Release Date
March 16, 2010


17 ‘The X-Files’ (1993 – 2018)

Created by Chris Carter

Dana Scully and Fox Mulder X-Files

Few TV shows from the 1990s are quite as iconic as The X-Files, which has endured in pop culture thanks to two seasons (in 2016 and 2018) that aired long after the show’s original run (1993-2002). It’s also had two theatrically released films: one in 1998 and one in 2008.

The show primarily revolves around two FBI agents – one who believes in alien and/or supernatural forces, and one who’s a skeptic – investigating various paranormal cases, uncovering surprising conspiracies in the process. It effectively combined overarching stories with single, “case-of-the-week” episodes, making for an iconic and addictive show that may have peaked in the 1990s but is still looked back upon fondly to this day.

The X-Files

Release Date
September 10, 1993

Chris Carter


16 ‘ER’ (1994 – 2009)

Created by Michael Crichton

Several doctors gathered around a patient in ER
Image via NBC

Running for over 300 episodes and spanning 15 seasons, ER was a mammoth show and is widely considered one of the best medical dramas of all time. It had a huge cast of characters that came and went over the show’s run, all shown to struggle with their professional and romantic lives while working at Chicago’s County General Hospital.

It’s perhaps best known today for the famous actors who starred in it before they had their big movie breaks, the most notable of course being George Clooney, who was a member of the main cast for the show’s first five seasons. Did it run too long? Maybe. But it was a seminal series for TV, and a significant work within pop culture, enabling it to be counted among other greats within the realm of TV drama.


Release Date
September 19, 1994

Michael Crichton


15 ‘Hill Street Blues’ (1981 – 1987)

Created by Steven Bochco and Michael Kozoll

Hill Street Blues - 1981-1987

There are various crime/cop shows – particularly in the 21st century – that owe some degree of gratitude to Hill Street Blues. To borrow a clichéd saying, it was one of those shows that walked so that other similar shows could run (for any number of seasons – sometimes more, and sometimes less than Hill Street Blues’ seven).

It was ambitious for its attempts to balance a large ensemble cast, as well as provide a more realistic and gritty look at police work than TV audiences at the time might’ve been used to. Its ambition paid off, as the show won a staggering 26 Emmys while it was on the air, and helped give writers like David Milch (the creator of Deadwood) and Mark Frost (the co-creator of Twin Peaks) experience in TV writing, with both going on to help create even better shows later in their careers.

Hill Street Blues

Release Date
January 15, 1981

Daniel J. Travanti , Taurean Blacque , Bruce Weitz , Joe Spano , Kiel Martin , Betty Thomas , Charles Haid , Veronica Hamel


14 ‘Better Call Saul’ (2015 – 2022)

Created by Vince Gilligan and Peter Gould

Better Call Saul - Alpine Shepherd Boy - 2015
Image via AMC

A spin-off/prequel series to Breaking Bad that some would argue surpassed its parent show, Better Call Saul focuses on the character of Saul Goodman before he adopted the name/persona he’s shown to have in Breaking Bad. For much of Better Call Saul, he’s actually known as Jimmy McGill, with the show demonstrating how he gradually becomes the Saul Goodman viewers know.

It’s a slower show than Breaking Bad, but one that ultimately rewards patient viewers by gradually increasing the tension, building to an impactful sixth and final season. It’s amassed a similar popularity to its parent show, and can proudly stand as one of the few TV spin-offs that equals – or sometimes even surpasses – what came before.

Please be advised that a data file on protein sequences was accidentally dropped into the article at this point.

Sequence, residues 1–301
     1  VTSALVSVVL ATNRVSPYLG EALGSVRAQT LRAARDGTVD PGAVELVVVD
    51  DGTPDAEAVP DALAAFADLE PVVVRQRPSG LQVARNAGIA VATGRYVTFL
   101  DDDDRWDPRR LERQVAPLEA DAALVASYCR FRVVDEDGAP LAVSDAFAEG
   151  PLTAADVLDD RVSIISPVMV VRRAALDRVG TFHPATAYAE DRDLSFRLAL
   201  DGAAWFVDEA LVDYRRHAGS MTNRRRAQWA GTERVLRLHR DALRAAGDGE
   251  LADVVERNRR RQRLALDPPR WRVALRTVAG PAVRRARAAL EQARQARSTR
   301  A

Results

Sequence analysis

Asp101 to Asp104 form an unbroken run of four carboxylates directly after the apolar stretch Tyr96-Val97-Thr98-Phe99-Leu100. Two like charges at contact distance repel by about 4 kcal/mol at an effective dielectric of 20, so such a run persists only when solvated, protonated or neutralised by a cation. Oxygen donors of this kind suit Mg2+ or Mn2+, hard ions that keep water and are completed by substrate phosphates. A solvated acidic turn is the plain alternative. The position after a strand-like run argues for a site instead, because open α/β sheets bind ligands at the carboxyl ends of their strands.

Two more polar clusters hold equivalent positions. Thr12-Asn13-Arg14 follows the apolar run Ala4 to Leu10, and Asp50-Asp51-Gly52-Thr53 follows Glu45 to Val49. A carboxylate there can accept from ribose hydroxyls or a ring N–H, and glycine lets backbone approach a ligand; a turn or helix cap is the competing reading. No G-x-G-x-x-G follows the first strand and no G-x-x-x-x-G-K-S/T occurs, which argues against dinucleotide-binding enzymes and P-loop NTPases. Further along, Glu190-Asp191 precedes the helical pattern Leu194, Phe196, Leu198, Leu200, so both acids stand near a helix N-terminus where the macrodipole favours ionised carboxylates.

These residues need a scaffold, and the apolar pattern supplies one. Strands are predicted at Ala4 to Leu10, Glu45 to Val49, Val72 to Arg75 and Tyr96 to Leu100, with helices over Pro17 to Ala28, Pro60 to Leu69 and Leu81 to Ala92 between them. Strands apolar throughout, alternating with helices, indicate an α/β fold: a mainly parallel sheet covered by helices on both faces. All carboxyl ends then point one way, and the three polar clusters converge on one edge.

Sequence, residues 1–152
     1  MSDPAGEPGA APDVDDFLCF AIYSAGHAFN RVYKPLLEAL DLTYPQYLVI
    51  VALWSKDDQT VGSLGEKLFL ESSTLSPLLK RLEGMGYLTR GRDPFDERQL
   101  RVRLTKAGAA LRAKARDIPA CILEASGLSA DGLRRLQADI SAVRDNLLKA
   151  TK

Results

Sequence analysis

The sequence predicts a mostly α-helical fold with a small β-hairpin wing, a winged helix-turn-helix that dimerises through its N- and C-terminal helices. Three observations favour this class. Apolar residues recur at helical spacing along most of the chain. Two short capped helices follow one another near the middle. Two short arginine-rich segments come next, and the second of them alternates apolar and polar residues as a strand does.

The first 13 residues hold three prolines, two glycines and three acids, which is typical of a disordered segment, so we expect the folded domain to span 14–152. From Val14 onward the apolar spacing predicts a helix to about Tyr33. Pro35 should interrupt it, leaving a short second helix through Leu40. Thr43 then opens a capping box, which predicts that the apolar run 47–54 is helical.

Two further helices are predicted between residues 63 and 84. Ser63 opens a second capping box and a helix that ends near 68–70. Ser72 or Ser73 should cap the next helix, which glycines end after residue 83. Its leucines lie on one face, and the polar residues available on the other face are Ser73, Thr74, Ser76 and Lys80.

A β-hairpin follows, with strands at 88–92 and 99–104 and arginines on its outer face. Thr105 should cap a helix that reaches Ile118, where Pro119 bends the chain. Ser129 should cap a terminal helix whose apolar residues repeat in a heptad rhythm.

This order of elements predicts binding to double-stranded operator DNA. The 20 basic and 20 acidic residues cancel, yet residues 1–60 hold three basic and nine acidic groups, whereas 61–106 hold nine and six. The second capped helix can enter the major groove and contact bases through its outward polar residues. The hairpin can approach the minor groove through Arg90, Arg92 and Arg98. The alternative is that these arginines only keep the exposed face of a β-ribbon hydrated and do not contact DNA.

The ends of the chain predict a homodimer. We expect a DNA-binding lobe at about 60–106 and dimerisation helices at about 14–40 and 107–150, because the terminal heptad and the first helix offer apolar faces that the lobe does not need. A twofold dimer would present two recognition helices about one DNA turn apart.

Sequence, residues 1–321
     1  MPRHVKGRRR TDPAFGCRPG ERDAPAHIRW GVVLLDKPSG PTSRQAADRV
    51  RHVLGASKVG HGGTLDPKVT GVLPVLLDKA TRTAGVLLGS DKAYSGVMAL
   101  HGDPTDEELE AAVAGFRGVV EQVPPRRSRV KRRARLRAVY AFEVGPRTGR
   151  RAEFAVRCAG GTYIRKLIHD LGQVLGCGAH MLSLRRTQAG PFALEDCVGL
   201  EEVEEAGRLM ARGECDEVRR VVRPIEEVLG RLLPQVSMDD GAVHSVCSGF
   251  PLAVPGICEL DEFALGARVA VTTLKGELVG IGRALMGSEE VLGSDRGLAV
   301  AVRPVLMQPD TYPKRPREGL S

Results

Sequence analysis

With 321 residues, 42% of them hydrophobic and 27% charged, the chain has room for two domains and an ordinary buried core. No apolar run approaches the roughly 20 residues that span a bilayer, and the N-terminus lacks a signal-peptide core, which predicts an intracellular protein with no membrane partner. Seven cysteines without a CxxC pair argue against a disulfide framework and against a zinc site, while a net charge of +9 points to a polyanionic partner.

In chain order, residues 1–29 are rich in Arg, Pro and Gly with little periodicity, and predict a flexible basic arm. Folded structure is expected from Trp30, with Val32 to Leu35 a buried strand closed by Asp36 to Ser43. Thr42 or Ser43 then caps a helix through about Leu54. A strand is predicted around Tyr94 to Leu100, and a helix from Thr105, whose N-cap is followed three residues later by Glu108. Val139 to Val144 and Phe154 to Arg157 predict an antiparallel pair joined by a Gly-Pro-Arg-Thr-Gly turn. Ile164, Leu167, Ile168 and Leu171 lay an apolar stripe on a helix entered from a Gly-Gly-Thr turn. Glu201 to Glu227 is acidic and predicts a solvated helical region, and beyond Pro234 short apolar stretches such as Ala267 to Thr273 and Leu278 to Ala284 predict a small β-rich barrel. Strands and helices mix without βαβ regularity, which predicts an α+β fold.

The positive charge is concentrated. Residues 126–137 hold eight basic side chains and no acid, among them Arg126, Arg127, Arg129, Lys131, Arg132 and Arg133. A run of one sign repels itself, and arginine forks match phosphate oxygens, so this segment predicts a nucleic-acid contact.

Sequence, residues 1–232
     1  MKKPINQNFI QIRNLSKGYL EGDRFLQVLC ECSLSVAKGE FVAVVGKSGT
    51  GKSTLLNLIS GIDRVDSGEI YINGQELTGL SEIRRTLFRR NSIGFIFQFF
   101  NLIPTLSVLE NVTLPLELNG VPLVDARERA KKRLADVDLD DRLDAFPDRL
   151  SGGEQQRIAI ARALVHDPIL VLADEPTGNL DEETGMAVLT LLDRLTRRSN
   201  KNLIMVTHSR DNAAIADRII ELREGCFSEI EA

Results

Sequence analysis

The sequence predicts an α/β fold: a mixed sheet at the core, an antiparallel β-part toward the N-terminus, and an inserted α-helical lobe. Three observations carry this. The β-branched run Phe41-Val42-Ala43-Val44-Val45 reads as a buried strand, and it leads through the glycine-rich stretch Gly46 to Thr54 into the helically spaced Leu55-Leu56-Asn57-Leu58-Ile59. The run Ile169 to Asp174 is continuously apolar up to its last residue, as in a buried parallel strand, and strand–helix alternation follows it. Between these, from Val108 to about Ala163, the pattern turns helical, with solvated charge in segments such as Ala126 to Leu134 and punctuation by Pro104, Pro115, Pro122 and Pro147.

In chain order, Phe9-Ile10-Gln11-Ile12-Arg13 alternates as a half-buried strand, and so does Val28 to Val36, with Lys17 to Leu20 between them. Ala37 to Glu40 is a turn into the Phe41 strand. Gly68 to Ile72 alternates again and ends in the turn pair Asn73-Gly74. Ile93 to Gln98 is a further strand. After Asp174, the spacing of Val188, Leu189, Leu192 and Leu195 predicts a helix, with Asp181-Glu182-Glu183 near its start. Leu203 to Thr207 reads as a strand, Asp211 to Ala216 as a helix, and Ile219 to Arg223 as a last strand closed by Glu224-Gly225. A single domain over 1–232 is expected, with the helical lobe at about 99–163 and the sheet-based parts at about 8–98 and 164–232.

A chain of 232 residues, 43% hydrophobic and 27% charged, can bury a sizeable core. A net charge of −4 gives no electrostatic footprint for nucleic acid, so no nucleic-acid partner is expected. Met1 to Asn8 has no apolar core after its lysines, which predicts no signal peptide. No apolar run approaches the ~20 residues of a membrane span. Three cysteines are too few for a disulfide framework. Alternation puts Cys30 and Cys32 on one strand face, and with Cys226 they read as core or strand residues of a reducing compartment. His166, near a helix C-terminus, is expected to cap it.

13 ‘Deadwood’ (2004 – 2006)

Created by David Milch


Deadwood is a staggering achievement in TV production, even by the standards of HBO – a company that’s funded some of the most expensive shows in history. Deadwood follows an entire town in the late 1800s, becoming something of a cross between a historical drama, a Western, and a crime show, thanks to the lawless nature of its setting.

Its cast of characters is one of the strongest of all time, and its beautifully written (and profanity-filled) dialogue needs to be heard to be believed. The show’s first season is maybe its best, but the quality remains high throughout the other two seasons, and though it was canceled after its third, it at least got a 2019 movie to tie up as many loose ends as possible.


Release Date
March 21, 2004

David Milch


12 ‘Star Trek: The Next Generation’ (1987 – 1994)

Created by Gene Roddenberry


Though the original series that aired in the 1960s will always be beloved for coming first, Star Trek: The Next Generation is often considered the best Star Trek TV show. It ran for an impressive seven seasons and 176 episodes overall, with its story set about a century after the adventures of Captain Kirk and his crew.

It follows a new generation of Starfleet officers as they set out with roughly the same mission the original crew had, only doing so in an even more advanced and less predictable sci-fi world. A sequel series to a beloved TV show from the 1960s was always going to be risky, but The Next Generation was a soaring success, running for four more seasons than the original series did.

11 ‘Twin Peaks’ (1990 – 1991)

Created by Mark Frost and David Lynch

Audrey Horne (Sherilyn Fenn) looking at Dale Cooper (Kyle MacLachlan) as he looks out a window in Twin Peaks
Image via ABC

David Lynch already had a reputation for making wonderfully strange movies by 1990, with the early 1990s seeing him turn to TV to create Twin Peaks, along with co-creator Mark Frost. It was a mix of soap opera, comedy, fantasy, crime, and surreal horror, being a wonderfully eccentric, unusual, and unpredictable series.

Tragically, it was cut down in its prime, as the writers were pressured to wrap up the show’s central murder mystery prematurely, leaving things feeling aimless for numerous episodes before it was canceled at the end of Season 2. A 1992 prequel movie followed, as did a groundbreaking (and even stranger) new season called Twin Peaks: The Return in 2017, meaning that though the main show was canceled, it at least didn’t spell the end for Twin Peaks as a whole.

Twin Peaks

Release Date
April 8, 1990

Mark Frost and David Lynch